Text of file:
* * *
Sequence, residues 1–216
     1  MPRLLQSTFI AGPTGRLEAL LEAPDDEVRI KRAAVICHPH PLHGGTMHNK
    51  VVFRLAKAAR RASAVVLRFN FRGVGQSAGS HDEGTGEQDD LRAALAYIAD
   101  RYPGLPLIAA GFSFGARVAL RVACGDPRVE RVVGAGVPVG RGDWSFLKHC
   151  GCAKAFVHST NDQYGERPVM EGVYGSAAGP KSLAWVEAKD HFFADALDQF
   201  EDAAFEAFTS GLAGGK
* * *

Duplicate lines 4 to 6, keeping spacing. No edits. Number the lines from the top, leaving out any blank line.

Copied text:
   101  RYPGLPLIAA GFSFGARVAL RVACGDPRVE RVVGAGVPVG RGDWSFLKHC
   151  GCAKAFVHST NDQYGERPVM EGVYGSAAGP KSLAWVEAKD HFFADALDQF
   201  EDAAFEAFTS GLAGGK